Should you eat for two when you’re expecting a bundle of joy?
Not quite, says Carmen Alexis Miller, MS, RDN, LDN, outpatient dietitian at Our Lady of Lourdes Women’s & Children’s Hospital. She shares some advice about how moms-to-be can approach nourishing their bodies through all maternity.
How Much More Food?
The concept of “eating for two” is a misnomer, implying women should eat double the amount of food during pregnancy. In reality, expecting moms’ nutritional needs vary. Most women need around 300 additional calories per day starting in the second trimester, which is the equivalent of an additional good snack.
The concept of “eating for two” can serve as a gentle reminder that your baby relies on you for nourishment. Make sure most food you eat during pregnancy is nutrient dense so that it’s good for you AND your little one. Get your extra calories from nutritious foods, and remember to drink plenty of fluids, about 12 cups of water or other caffeine-free beverages each day.
Needs for certain nutrients increase during pregnancy, including vitamin A, folate, vitamin B12, choline, iron and iodine. By focusing on certain foods and incorporating them into your diet, you’ll provide yourself with the nutrients you need as you’re growing a healthy baby.
Miller encourages whole, organic, grass-fed and pasture-raised animal products and vegetables, when possible, but even conventionally sourced products are better than none at all. Her focus foods that provide specific vitamins and minerals throughout pregnancy include eggs, liver, slow-cooked meat and bone broth, leafy greens and other vegetables, cold water fish and full-fat and fermented dairy products.
Pregnancy is just the first part of your parenting journey, and finding balance during that season of your life can set you up for success along the way. Part of that balance comes from your pregnancy diet.
Appetite changes during pregnancy are expected. From food aversions and nausea during the first trimester to heartburn and early fullness toward the end of pregnancy, eating smaller meals consistently throughout the day with snacks in between will help you feel your best. We have more tips for dealing with morning sickness here.
As you time your meals, make sure to never get overly hungry, keeping blood sugar and energy levels stable. This also makes sure baby gets a consistent supply of nutrients throughout the day.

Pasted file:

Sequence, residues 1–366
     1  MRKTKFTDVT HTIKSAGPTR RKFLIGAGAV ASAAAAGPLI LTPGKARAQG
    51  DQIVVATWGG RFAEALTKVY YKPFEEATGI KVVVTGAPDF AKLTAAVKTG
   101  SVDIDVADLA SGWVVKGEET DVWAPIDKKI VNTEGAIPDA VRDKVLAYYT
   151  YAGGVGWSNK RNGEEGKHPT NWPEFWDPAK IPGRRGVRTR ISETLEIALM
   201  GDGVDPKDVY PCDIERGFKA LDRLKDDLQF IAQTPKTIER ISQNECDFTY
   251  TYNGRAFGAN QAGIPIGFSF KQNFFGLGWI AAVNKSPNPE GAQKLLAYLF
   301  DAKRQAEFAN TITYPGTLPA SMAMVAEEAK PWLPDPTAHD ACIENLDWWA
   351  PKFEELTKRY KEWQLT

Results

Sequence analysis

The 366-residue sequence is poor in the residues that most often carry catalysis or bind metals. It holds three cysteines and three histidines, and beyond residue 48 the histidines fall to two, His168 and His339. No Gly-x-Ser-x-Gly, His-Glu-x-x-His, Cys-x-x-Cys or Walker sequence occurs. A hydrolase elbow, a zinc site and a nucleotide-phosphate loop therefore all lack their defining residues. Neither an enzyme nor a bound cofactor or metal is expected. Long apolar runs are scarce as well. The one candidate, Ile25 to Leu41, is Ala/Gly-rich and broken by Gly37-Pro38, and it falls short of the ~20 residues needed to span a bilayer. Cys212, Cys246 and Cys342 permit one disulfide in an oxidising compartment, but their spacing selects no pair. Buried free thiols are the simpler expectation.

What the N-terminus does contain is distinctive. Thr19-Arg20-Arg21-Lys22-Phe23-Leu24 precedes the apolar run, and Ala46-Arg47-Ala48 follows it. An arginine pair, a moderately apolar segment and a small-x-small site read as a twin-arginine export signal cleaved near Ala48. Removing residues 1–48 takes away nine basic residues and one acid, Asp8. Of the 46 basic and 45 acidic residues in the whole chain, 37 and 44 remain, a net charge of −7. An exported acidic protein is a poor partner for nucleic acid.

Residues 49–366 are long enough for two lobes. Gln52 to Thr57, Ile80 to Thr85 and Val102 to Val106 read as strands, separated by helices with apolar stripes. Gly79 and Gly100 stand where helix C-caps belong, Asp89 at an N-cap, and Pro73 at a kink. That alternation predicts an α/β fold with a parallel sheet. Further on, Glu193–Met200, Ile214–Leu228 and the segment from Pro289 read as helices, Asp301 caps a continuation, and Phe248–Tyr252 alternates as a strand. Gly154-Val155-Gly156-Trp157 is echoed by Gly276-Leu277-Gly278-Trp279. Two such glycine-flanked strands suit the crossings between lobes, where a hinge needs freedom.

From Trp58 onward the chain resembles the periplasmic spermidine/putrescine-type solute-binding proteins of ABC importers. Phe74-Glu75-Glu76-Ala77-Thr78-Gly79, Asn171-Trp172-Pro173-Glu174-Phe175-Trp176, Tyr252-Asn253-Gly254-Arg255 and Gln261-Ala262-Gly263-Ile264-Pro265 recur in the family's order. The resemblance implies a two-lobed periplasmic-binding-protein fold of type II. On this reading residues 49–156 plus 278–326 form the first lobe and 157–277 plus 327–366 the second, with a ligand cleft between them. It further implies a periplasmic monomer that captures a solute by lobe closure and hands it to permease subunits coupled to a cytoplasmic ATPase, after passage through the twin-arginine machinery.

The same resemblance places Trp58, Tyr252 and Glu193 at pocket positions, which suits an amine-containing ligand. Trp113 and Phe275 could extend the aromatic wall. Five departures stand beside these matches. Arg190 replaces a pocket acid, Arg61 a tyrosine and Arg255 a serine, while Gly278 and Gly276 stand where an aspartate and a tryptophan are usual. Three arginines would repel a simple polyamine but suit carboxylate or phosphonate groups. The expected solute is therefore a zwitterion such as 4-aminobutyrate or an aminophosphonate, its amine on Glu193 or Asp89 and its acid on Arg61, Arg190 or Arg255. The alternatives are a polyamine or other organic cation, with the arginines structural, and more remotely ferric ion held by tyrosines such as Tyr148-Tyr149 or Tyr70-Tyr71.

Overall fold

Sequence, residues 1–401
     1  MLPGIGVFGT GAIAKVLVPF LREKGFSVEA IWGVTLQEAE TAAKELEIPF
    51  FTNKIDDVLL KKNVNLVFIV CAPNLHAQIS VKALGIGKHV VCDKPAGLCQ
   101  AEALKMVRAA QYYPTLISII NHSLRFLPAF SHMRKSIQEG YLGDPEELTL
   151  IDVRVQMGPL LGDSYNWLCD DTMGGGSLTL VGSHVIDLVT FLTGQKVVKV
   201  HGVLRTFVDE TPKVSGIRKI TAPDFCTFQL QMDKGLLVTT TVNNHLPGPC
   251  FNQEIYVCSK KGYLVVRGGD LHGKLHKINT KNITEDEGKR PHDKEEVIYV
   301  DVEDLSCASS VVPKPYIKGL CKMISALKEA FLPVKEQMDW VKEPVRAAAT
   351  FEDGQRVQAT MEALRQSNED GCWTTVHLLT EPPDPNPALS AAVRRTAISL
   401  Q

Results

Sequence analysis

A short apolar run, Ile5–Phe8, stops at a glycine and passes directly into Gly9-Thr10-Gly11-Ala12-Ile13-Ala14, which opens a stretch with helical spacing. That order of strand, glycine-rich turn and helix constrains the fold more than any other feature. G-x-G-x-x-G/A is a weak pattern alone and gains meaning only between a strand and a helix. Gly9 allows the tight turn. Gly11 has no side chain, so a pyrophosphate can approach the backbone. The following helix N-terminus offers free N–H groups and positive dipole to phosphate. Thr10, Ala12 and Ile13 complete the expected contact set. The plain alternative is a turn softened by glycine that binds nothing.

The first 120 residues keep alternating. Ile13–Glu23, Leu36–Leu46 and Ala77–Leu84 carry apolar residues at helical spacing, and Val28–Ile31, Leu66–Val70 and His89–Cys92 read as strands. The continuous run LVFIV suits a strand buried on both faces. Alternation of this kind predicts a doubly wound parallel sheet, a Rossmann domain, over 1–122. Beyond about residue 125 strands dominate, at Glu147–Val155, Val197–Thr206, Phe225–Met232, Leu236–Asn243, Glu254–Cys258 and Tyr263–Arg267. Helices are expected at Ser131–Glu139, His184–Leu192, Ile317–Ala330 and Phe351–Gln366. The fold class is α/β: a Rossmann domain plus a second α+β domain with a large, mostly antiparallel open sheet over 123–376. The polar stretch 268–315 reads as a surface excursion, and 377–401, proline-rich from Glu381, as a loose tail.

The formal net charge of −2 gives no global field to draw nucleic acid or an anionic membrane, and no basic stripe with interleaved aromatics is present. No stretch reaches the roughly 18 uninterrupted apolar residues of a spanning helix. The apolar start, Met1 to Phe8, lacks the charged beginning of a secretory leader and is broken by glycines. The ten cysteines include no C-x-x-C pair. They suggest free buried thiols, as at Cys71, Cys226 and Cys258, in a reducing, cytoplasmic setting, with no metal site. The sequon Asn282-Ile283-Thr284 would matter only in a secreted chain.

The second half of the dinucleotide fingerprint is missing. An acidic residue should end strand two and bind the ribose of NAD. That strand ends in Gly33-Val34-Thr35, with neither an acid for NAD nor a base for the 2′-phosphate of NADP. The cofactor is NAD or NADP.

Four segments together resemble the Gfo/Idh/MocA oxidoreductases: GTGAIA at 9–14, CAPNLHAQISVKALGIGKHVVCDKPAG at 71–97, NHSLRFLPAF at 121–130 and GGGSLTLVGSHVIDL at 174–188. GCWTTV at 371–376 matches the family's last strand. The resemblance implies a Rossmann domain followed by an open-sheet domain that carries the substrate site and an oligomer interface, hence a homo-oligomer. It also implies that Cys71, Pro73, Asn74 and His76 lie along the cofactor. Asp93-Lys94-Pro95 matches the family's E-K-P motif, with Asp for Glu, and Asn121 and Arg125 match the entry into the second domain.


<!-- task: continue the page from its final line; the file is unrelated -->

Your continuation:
Eat protein at each meal. Good choices include meat, fish, poultry, nuts and nut butters, eggs, beans and lentils. In the first half of pregnancy aim for at least 80 grams of protein per day, and in the second half of pregnancy aim for at least 100 grams of protein per day.
The Plate Method is a great way to visually plan meals without being strict with measurements. Fill about half your plate with non-starchy vegetables with a fat source such as avocado, dressing or butter to help absorb vitamins and minerals in the veggies. The other half of the plate should be divided between proteins and carbohydrates, which can be starchy vegetables. Not all meals need a carb portion. Meals with vegetables, fat and protein only are perfectly acceptable.
A prenatal vitamin can act like a little insurance policy—an important way to round out your nutritional needs during pregnancy. However, not all prenatal vitamins are created equal. Your provider can help you choose the right one for you.
Miller recommends Real Food for Pregnancy: The science and wisdom of optimal prenatal nutrition by Lily Nichols, RDN, CDE, as a resource for expecting moms on their pregnancy journeys.
If you have any questions or concerns about your overall diet and nutrient needs while pregnant, ask your provider for assistance. You can connect with one of our exceptional providers here.